DRIVING QUESTION: What events in history defined the civil rights we are entitled to today?  Students identify the different countries that made up the British Empire in 1780s – 1900s.  What did Britain gain from each colony?  What was given to the colonies in return?  How important was trade in this exchange?  What are the different interpretations surrounding the British Empire? Students then move onto looking at how the historical Slave Trade was established and how the slaves were captured, transported and auctioned. Students then have the opportunity to explore the different reasons why Britain finally abolished slavery and the Slave Trade (political, economic, religious reasons, beliefs and ideals and the role of the media). Students investigate how rights have been fought for in America; from Rosa Parks to Martin Luther King and Malcolm X. Students look at civil rights for black Americans today and the significance of key events today such as Black Lives Matter.  They also focus on women’s rights and the most important factors that led to women gaining the right to vote in 1928.  Finally the theme concludes at students exploring modern day right and responsibilities, the role of the UN to help protect human rights and whether modern day slavery still exist. Find out more about Freedom.
Subject focus
DRIVING QUESTION: How and why are the coastlines constantly changing? This theme uses key geographical terminology to explain how the coastlines change over time. We study the inter-relationships of natural processes and human influences and how these two world work together or sometimes against each other to alter the coastline shape. Students look at where we like to holiday and how this impacts the people, the geomorphic features and the economy of an area. Within this, they link to the morals of luxury resorts in poorer countries and how we can all become more sustainable too. As the theme progresses, the focus will move towards a social and environmental context and students will be expected to plan an investigative trip. The aim is to take part in a fieldwork trip to a coastal region and write up fieldwork related to this trip.

DRIVING QUESTION: What App can we design to improve people’s lives?

During this theme, students will:

  • Work individually or as part of a team to complete a project
  • Brainstorm a real-life problem that could be solved by an app
  • Decide on an idea to take forward
  • Identify the app features that would be most beneficial to potential users
  • Design and prototype an app
  • Promote their app idea to potential investors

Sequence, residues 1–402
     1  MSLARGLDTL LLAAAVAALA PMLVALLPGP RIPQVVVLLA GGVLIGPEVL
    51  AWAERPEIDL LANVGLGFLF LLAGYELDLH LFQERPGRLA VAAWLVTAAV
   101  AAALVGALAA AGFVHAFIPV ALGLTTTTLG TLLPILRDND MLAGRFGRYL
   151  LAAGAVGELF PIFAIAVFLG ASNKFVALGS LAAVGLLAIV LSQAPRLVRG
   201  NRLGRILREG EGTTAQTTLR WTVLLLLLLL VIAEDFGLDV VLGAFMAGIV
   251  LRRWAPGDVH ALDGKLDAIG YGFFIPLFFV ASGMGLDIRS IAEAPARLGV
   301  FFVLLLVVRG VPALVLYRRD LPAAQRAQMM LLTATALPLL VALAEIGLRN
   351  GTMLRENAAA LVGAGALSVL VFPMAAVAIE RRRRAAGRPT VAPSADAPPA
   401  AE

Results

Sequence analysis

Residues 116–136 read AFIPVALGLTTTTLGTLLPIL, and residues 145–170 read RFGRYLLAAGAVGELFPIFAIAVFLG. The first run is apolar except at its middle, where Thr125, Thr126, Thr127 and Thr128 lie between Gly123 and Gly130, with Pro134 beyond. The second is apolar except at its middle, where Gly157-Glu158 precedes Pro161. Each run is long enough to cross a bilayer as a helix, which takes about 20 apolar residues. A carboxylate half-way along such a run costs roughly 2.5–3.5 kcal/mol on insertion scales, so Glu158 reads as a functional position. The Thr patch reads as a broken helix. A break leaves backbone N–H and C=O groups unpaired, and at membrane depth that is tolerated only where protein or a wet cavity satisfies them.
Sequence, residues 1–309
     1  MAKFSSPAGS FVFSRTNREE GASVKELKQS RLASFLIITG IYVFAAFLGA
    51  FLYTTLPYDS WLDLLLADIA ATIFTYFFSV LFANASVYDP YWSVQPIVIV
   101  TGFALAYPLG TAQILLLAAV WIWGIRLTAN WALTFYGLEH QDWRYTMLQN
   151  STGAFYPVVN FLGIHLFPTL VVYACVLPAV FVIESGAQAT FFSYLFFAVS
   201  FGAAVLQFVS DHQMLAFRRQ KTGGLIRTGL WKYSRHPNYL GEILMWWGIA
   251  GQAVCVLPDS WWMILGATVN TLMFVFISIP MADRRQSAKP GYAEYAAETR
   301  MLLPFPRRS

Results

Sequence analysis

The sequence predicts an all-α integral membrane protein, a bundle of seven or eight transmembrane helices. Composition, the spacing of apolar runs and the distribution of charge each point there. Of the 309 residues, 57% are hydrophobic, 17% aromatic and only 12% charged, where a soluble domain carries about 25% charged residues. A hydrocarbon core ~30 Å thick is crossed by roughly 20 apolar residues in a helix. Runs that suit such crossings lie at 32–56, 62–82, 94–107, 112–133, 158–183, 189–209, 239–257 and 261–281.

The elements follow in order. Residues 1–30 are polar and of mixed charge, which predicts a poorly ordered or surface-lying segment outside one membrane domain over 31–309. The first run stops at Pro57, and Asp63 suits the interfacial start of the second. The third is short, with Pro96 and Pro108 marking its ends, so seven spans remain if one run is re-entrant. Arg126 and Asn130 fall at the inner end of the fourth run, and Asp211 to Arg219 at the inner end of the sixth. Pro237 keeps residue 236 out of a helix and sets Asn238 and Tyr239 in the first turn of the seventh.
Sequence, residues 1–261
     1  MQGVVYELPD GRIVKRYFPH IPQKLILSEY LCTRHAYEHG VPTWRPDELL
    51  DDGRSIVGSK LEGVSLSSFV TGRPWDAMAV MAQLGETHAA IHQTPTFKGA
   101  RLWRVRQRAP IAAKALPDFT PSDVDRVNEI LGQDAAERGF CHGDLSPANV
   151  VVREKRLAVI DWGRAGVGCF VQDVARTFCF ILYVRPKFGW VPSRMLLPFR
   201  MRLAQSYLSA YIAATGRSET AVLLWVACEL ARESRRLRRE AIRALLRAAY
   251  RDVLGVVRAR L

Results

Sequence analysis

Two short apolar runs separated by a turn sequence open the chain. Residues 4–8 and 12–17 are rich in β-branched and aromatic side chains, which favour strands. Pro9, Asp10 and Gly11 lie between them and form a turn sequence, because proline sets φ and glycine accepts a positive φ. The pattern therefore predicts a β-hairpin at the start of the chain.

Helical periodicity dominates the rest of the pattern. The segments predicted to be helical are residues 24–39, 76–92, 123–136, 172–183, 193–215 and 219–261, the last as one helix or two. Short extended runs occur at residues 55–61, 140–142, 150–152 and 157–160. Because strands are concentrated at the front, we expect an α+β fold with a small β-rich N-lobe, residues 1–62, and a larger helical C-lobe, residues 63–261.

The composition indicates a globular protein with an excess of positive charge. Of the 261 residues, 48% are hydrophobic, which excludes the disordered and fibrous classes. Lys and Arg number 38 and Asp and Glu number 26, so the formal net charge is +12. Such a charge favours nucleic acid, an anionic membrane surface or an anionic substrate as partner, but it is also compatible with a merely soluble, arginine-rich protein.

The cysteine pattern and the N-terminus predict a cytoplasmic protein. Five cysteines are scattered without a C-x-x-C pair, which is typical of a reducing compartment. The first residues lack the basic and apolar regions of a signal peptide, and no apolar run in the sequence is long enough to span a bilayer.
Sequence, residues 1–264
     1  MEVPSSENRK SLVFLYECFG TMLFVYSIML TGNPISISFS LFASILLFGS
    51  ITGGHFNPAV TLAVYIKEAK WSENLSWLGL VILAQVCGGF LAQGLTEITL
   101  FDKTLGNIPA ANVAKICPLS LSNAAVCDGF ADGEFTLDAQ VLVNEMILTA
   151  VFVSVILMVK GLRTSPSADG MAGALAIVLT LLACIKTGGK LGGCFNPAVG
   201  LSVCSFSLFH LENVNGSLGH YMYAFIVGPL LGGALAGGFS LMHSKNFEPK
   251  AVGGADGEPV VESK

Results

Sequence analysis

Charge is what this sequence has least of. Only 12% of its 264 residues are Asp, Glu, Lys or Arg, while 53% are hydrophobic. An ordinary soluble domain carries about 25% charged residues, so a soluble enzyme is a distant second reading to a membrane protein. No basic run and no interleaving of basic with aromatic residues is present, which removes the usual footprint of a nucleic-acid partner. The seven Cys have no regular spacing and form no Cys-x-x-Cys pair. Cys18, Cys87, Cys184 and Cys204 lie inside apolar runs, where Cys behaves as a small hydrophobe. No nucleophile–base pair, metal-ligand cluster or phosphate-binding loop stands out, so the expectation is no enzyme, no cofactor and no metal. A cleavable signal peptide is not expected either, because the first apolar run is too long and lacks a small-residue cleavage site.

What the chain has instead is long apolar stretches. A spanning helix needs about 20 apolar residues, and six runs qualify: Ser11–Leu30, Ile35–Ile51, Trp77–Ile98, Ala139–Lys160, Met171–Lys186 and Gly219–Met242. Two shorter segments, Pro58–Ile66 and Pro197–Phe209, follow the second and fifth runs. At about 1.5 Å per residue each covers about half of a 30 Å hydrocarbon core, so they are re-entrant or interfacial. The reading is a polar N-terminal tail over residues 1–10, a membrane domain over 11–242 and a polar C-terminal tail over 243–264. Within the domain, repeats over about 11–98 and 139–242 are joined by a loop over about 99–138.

Summer Term

Subject focus
DRIVING QUESTION: What impact has the Industrial Revolution had on living conditions today? Please Sir explores the Industrial Revolution in Britain, with its main focus around education and industry. Students investigate the differences between the conditions of this time and the modern world. They will explore and research some of the fundamental differences within the world of work, schools and inventions before discovering the difficult circumstances of children through William Blake’s poetry and eyewitness accounts. Students will also use Dickens’ Oliver Twist to create pieces of script that reflect the themes and plot of the original text, helping them prepare for an extended piece of writing discussing the potential return of corporal punishment. Students also experience a typical school day similar to Victorian times to compare the differences in teaching and learning styles, subjects and activities. As part of their study students are encouraged to consider the Industrial Revolution and what a challenging time it was for some. They will also learn that there were crucial advances in technology that directly influenced Britain today, including transport, machinery and domestic items that we still see in the UK. Students will also research some of the key figures of a time that was pivotal in shaping their local area and in turn, the Industrial Revolution as a whole. The theme concludes with students participating in typical Victorian entertainment by exploring melodrama and presenting a piece of practical work in this style. By the end of the theme, students should be able to see a variety of differences from 19th century Britain and today, but also able to articulate how the Industrial Revolution shaped the world around them.
Subject focus
DRIVING QUESTION: Was World War One a ‘Great War?’ The Over the Top theme focuses on the First World War (1914-1918), incorporating religion, ethics, war poetry and literature, human and physical geography, as well as history. Students will become familiar with the place of sources and interpretations in historical study, learning how to analyse and evaluate their usefulness and reliability, deepening their critical skills. Students develop a chronological understanding of the key events of the First World War and assess their impact on both those fighting on the Western front but also those men, women, and children on the Home Front. Key religious and ethical issues are explored through studying the impact of war on women, religious and ethnic minorities, conscientious objectors, and animals as well as assessing responses to the conflict.

Review and Exam Weeks will be held twice during the year, in January and in the Summer term.

There will also be a series of Focus Days embedded within themes where students can explore an idea in greater depth. Focus Days can include off-site visits, guest speakers and workshops.